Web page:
Writing Advisor Resources
Conferencing with ESL Students
Please note that we are not able to provide assistance to ESL students for courses within the ESL program. (These courses will begin with an ESL prefix, such as ESL 0940 Reading/Writing.) Instructors in these courses specify that students may not receive outside assistance.
Writing Center Resources
The current WRIT 2100 course pack, available in a binder in the Writing Center, contains several articles that guide Writing Advisors as they approach conferences with ESL students.
Several helpful books are available on our shelves, including Bruce and Rafoth, ESL Writers: A Guide for Writing Center Tutors and Flaitz, Understanding your International Students.
This PowerPoint gives an overview of language acquisition theories, factors influencing international students’ motivation, and ways to negotiate a beneficial focus for conferences.
Techniques for Serving International Students from Dennis Bricault, North Park University Director of ESL
Tips on Teaching ESL Students
This resource from the UNC Writing Center considers two groups of ESL students: international ESL students and resident ESL students, and presents tips for teaching each group (many of which are also applicable to writing conferences).
Tutoring Training ELL Handout from St. Olaf
A helpful resource from the writing center at St. Olaf College, this handout provides tips on using students’ ideas, overcoming the language barrier, understanding cultural differences, prioritizing errors, and teaching life skills.
ESL Students and Sentence-level Errors and A Working List of Situations and Approaches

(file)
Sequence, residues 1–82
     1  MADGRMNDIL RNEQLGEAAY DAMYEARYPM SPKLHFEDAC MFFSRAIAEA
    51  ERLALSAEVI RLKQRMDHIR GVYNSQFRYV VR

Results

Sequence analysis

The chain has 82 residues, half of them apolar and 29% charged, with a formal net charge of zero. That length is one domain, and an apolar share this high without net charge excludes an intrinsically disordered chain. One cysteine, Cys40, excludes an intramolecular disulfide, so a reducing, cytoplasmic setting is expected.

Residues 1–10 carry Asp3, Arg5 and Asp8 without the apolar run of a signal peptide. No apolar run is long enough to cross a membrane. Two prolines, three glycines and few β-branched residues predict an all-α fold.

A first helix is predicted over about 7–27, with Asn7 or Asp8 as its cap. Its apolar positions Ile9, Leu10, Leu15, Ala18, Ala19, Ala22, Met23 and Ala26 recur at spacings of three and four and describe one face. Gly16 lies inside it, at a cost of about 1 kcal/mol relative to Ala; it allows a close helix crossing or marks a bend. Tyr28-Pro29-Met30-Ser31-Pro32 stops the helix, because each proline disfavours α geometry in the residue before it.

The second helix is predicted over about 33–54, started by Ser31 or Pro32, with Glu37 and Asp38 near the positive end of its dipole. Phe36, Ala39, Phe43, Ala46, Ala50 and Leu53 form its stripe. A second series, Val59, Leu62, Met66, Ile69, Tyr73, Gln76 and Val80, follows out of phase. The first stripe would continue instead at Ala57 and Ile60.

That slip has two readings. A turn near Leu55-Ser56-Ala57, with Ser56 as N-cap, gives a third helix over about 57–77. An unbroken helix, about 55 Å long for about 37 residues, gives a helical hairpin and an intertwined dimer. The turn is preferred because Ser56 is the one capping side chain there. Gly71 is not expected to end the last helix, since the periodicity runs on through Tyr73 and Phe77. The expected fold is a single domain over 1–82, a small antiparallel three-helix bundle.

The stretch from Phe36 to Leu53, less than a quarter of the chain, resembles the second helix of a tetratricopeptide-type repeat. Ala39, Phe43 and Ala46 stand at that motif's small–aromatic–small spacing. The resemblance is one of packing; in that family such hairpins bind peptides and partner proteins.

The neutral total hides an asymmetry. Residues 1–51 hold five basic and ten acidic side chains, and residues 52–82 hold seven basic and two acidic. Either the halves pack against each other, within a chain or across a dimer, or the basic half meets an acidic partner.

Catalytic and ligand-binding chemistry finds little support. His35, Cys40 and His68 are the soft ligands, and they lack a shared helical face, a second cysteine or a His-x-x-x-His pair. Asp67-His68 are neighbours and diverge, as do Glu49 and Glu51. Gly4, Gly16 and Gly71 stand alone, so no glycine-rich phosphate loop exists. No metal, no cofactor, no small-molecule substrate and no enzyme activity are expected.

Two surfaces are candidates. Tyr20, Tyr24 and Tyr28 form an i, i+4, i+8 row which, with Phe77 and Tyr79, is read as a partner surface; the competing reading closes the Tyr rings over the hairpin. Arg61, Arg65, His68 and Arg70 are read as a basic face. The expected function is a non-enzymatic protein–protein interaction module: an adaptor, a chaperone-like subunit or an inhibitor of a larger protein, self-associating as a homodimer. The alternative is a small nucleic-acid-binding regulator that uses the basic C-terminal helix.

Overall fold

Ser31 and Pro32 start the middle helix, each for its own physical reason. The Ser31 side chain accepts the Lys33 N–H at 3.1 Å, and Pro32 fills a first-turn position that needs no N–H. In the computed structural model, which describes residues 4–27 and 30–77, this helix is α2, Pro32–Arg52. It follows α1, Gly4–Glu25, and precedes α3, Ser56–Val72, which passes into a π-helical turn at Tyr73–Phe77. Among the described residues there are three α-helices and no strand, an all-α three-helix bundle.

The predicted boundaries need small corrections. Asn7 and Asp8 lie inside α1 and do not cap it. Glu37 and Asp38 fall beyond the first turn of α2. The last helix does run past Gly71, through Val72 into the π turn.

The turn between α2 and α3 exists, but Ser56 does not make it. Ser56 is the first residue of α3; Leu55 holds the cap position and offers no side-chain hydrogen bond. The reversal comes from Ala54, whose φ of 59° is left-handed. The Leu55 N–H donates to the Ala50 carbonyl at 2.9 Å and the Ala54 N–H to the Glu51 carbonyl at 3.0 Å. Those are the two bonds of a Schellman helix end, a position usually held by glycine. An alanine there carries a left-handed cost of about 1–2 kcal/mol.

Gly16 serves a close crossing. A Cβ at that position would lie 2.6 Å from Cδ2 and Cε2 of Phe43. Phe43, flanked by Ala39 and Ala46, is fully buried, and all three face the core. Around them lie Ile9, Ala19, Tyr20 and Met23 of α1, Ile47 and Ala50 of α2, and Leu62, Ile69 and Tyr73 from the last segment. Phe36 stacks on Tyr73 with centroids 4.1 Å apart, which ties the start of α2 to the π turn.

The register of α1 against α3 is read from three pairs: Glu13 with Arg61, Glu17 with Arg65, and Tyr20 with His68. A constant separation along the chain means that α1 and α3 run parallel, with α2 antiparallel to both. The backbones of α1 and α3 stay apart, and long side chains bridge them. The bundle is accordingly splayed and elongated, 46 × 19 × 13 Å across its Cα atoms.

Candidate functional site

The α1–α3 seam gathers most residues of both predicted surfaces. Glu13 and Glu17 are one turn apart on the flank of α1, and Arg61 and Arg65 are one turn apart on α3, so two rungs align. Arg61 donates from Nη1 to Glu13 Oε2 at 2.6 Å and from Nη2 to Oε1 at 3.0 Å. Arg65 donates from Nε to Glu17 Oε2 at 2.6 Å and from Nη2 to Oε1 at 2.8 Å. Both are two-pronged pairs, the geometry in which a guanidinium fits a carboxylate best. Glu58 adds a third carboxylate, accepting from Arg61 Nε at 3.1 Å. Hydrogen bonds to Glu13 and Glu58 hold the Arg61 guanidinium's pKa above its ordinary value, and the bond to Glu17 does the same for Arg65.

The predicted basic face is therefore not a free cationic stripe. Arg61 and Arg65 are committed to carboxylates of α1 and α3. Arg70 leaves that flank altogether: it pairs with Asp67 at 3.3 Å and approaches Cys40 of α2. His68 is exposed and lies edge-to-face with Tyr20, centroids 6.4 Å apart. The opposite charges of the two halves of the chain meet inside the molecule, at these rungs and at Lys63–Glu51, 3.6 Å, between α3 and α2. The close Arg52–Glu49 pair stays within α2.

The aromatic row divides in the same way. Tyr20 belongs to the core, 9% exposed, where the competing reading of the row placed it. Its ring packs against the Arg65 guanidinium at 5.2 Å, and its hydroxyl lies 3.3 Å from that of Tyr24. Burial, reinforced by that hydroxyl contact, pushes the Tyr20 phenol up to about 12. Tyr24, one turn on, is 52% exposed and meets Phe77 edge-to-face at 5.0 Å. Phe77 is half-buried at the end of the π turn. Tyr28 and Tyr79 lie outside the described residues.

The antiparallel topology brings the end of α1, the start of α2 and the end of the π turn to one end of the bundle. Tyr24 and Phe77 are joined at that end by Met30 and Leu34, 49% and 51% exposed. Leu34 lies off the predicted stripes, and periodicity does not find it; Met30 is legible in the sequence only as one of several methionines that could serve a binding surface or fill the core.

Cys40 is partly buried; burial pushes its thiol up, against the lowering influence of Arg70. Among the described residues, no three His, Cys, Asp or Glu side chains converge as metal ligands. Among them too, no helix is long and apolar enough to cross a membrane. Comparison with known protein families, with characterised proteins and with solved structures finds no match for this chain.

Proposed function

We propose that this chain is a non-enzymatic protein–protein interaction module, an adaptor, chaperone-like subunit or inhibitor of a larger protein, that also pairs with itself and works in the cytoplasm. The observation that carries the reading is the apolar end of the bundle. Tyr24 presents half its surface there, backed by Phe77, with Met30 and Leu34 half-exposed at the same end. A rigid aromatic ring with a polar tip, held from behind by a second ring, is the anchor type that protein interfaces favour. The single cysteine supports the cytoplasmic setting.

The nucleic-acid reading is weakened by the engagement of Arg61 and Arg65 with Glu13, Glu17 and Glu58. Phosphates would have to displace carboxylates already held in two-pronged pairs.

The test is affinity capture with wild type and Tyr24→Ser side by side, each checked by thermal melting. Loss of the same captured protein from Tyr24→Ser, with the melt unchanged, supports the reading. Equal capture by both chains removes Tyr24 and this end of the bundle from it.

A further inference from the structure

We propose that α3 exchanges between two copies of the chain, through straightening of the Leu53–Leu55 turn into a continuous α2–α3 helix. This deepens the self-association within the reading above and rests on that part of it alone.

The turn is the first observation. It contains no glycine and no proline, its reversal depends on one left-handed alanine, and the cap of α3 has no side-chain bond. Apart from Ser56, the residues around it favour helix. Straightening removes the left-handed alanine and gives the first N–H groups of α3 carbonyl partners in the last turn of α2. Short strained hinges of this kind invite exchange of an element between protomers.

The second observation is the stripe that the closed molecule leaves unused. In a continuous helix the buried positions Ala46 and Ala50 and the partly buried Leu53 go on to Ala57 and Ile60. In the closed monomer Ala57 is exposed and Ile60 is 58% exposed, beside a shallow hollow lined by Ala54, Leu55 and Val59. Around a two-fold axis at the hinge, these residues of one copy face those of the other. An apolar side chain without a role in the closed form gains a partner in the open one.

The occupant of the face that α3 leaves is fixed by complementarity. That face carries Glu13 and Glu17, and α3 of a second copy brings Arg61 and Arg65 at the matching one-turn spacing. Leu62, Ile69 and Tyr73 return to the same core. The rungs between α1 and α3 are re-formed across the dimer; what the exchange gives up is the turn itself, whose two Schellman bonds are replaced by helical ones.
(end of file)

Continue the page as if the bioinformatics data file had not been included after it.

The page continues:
Pomona College’s writing center mentions creating a list of grammar corrections you discuss during conferences over the semester and sharing it with a mentor. That way, you can make sure you are fitting your commentary into the broader mission of making better writers, not just better papers!
Some common errors in multilingual students’ work may be the result of transfer errors. In these, students are thinking logically, applying the grammar of their native language to the grammar of English, and thus providing us with an important starting point for discussion, so that we can help them continue to solve the grammar puzzles encountered as they become fluent. It is important to note that not all grammatical errors and mistakes are transfer errors; some, for instance, can result from faulty instruction.
Writing English as a Second Language (William Zinsser in the American Scholar)
William Zinsser, speaking to new international students at the Columbia Graduate School of Journalism, explains that good writing “depends on what country you’re from” and gives a brief history of the English language.
Writing Center Links
Find out what’s happening at other writing centers.